Where Did it All Start?
Ghosts have been known to appear in the ancient world for thousands of years, so the origin of the idea that dead people can visit the living still baffles historians today. However, we are able to trace back the earliest accounts of ghosts from different communities around the world whom most likely had never even had contact with each other.
For example, take the ancient Egyptians. Their civilisation thrived prosperously for a long time, from 8000- 525 BCE, as they were innovative thinker in science, technology, art and religion. Their cultures were also heavily influenced by Greece and Rome. Can this be said to be true for ghost cultures?
In ancient Egyptian culture, it was believed that after a God called Osiris weighs their soul, if a soul was lighter than a feather, they would be allowed into the Field of Reeds (a place which was exactly like their life on Earth).
The weighing of the heart ceremony.
However, if some injustice had been committed by one of the living, typically someone they knew, the ghost would return to harass them and right a wrong. However, ghosts may also watch over the living.
Ancient Rome and Greece
Dead souls were not supposed to return to Earth. In fact, there was a different after life allocated for different types of people. For example, if you were a soldier killed in battle, you would be admitted to the Elysian Fields (paradise) and if you were a good person, you would be admitted to the Plain of Asphodel (which was still pleasant). If you were a bad person on Earth, you went to the land of Tartarus where you would make amends from your sins from Earth until you were permitted into another land.
The Elysian Fields
However, Ghosts still returned to earth primarily if they were not given a proper burial. If a ghost returned in a dream, it was believed the image was of a loved one of the dreamer. Ghosts who roam out of dreams were restless and suffered an unjust death, and therefore returned to Earth in order to avenge their death. Additionally, these ghosts could not be seen unless in the presence of some kind of light, and would appear in certain times of the night.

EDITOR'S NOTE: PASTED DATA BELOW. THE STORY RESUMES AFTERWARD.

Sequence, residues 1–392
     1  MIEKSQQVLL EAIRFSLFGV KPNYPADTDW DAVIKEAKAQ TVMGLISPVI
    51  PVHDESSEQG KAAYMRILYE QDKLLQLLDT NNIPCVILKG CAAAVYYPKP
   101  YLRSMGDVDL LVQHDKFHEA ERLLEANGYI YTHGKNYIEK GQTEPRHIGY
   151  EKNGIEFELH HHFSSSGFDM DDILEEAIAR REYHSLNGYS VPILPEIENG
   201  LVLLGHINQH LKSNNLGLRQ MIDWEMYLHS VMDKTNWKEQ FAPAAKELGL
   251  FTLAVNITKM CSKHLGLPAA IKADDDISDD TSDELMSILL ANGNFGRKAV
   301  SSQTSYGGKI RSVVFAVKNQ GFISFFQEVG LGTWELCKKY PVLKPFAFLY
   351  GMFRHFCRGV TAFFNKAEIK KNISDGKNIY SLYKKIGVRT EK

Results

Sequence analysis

The prospect of Ghosts in Chinese culture is heavily influenced by the tradition of ancestor worship. It is believed that paying respect to ancestors by visiting their grave or offering them food, goods and money, they would grant you good fortune.
Food offerings to ancestors.
Because the dead seemed to be elevated to such a high position of authority, it is unatural for a deceased spirit to remain or come down to earth.
However, a deceased spirit of a loved one or close friend coming back to earth in the form of someone’s dream was seen as a telling of good advice and guidance.
However, for those ghosts not in dreams, their spirit would only be here if they had suffered a violent death, such as drowning or dying in battle, and so did not have a proper burial. These ghosts could only be seen at night and in torch light. Ghosts excluded from dreams were usually believed to be connected to evil forces.
There are certain themes about the characteristics of ghosts which run through these cultures in the world which rarely came into contact with each other, which means it was unlikely that these ideas transferred between cultures. These themes include:
Ghosts being unatural, meaning deceased spirits are not supposed to come back to earth.
They can return to earth to seek justice that was not fulfilled in their living lives.
They can return to earth to give guidance to the living.
They can return to earth to harass the living.
How could they have come up with the same kind of ghosts if the cultures had never met? I know what you’re thinking, and no. The answer is not that ghosts are real. What I’m thinking is that there may be a psychological basis in humans which causes us to develop a certain idea ghosts, which is why the idea of the deceased returning in such a way is universal. Each of the ghost’s characteristics may have been derived from a psychological factor in all of us.
The two characteristics I will be focussing on in this series of articles is what makes us compelled to create a ghost who comes back for justice, or to harass the living. My next article will be delving into the obscure relation between ghosts and a human’s core sense of justice.